“I’m excited about the opportunity to create a high-visibility community garden,” he said. “It’s huge to have a place to plant herbs and learn about them. It’s a great resource for people. And it’s accessible by foot and by public transportation.”

Wormser and Marano say they plan to have 70 percent of the plants in place this fall, with the remainder to be planted next spring.

“Once it’s completed and the plants are growing, it will feel enclosed with color and texture,” Wormser said. “It will feel like a sanctuary.”

Wormser said he is pleased with the garden’s size and location.

“It’s just manageable. We are able to do most of the work by hand,” he said. It’s not exactly in the middle of the city; it’s a little quieter here. It’s a good spot to watch the city go by.”

Sustainable inspiration

The State Street garden is one of several Local Harmony initiatives. The non-profit recently renovated five large concrete planters in downtown Turners Falls, with help from students at the Franklin County Technical School. Local Harmony is also working with the Hitchcock Center for the Environment in Amherst to create an extensive teaching garden that will be installed next spring at the center’s new site on the Hampshire College campus.

“We went through a great design process with Local Harmony that involved thorough thinking about all aspects of the project, including community collaboration, accessibility and the teaching function,” said Casey Beebe, community programs and special projects manager at the Hitchcock Center.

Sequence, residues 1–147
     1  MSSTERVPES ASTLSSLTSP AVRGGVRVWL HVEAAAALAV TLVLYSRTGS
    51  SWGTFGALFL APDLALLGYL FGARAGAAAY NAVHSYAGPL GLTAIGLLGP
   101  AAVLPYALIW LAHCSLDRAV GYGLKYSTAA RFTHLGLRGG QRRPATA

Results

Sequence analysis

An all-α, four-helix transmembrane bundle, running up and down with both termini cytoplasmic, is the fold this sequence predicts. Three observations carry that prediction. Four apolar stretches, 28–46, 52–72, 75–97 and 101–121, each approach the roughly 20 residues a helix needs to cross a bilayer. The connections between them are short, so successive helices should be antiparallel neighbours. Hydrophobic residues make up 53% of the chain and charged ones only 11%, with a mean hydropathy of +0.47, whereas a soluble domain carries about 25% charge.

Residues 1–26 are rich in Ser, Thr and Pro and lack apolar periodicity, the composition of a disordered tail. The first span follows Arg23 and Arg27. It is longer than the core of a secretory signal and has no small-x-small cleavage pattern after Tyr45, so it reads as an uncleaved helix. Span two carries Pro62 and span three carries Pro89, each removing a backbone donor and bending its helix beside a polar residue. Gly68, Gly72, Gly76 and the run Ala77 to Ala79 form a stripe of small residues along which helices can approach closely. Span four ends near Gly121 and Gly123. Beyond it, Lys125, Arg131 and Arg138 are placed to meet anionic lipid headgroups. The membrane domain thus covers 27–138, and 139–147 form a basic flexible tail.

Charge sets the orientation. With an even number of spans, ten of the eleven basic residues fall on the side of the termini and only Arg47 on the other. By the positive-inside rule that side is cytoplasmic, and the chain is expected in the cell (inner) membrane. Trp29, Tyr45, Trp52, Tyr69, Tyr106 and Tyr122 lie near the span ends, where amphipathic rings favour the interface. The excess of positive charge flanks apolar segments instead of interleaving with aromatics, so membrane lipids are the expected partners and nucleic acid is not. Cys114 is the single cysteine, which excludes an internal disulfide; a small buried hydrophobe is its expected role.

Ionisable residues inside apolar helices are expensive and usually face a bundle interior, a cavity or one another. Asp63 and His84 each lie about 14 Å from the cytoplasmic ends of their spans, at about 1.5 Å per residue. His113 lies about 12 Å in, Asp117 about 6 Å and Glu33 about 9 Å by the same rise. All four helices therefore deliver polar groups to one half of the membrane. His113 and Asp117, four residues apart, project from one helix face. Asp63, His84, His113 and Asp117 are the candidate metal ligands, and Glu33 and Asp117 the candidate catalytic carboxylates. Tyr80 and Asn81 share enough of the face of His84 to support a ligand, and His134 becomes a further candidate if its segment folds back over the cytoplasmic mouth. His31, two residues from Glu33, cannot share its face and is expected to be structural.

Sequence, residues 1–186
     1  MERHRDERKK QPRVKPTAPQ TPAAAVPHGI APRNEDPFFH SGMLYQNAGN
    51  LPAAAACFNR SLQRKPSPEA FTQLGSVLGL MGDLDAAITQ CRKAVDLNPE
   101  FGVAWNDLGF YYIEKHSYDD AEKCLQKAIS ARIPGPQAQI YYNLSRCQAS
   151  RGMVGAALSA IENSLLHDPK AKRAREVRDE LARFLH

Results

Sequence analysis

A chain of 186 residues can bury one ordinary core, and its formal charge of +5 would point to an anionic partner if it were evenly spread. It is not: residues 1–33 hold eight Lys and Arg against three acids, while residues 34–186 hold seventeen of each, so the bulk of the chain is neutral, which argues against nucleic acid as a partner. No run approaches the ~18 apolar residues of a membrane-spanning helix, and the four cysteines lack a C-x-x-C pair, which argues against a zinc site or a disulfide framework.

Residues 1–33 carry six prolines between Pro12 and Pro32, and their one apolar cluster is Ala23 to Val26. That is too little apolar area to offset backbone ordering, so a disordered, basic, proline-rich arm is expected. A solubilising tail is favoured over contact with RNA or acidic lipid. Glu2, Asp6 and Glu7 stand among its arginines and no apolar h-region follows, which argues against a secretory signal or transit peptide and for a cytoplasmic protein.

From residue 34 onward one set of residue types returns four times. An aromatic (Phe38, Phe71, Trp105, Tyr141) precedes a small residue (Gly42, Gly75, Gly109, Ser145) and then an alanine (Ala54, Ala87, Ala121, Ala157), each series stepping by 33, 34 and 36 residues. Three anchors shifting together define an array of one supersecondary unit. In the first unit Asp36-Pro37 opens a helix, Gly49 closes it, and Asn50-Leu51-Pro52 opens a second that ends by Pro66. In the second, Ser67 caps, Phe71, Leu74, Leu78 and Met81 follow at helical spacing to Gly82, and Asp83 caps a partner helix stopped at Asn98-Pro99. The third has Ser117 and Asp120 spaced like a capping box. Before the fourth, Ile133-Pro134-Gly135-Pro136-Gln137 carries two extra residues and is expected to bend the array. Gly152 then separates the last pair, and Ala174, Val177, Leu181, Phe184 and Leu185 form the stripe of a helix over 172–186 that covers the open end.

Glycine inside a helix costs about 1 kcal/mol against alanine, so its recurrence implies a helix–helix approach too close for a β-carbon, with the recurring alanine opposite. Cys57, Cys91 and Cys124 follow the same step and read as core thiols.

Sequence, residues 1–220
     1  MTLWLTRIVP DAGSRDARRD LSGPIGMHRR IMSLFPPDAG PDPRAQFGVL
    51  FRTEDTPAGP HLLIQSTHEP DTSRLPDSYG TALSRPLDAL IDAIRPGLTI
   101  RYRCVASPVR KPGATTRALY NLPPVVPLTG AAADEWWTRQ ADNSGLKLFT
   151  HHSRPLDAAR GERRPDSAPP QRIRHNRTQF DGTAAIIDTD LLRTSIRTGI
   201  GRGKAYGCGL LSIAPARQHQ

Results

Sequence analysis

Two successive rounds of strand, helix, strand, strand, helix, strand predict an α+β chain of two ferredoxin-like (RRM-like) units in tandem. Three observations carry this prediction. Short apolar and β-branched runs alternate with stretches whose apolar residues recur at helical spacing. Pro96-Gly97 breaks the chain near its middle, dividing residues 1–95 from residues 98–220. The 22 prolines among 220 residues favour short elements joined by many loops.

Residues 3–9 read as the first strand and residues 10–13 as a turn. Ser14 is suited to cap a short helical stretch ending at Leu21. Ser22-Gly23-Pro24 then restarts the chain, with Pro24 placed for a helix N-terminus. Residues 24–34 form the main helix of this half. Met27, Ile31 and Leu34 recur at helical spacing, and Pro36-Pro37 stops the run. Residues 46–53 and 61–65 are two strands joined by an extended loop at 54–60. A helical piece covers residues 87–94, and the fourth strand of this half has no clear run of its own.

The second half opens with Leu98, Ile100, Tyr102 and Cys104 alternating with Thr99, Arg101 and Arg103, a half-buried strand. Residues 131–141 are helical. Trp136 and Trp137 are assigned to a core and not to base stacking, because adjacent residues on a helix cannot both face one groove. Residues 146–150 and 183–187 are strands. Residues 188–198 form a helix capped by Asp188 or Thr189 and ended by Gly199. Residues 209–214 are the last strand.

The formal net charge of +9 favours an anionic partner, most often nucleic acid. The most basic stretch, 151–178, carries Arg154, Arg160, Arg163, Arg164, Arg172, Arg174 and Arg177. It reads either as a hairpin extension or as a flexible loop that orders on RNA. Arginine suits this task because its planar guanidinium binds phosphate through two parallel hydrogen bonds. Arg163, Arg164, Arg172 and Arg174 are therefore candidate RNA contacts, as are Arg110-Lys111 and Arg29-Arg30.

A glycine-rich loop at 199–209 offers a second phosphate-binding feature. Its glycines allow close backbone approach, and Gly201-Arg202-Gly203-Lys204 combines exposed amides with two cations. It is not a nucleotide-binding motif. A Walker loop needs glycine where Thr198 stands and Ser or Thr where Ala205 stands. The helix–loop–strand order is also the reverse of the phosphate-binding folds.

Wormser said he hopes the State Street amphitheater and garden will inspire people to launch similar projects.

“I want people to come here and say, ‘I could do that,’ because anyone can do this,” he said. “I want this to be a model that’s sustainable over time and that can work in any community.”

Inspiration is an important part of the work, he added.

“Our long-term goal is to remind people that our planet is a garden and we’ve wrecked it. But that we can rejuvenate it, make it beautiful and productive again for all living things.”

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Adam Barnard (the creator of the “Yes Farms Yes Food” slogan for the Sustainable Food and Farming program volunteered to help install the new herb garden.

Mickey Rathbun can be reached at foxglover8@gmail.com

Original Article

Care Farming in the UK – Report

If you think the Stockbridge School of Agriculture should investigate Care Farming as a possible program of study for undergraduates, please join us to discuss this question on:

Monday, December 5, 2016 at 3:30pm – 5:00pm

210 Stockbridge Hall

All are welcome!

===============================================================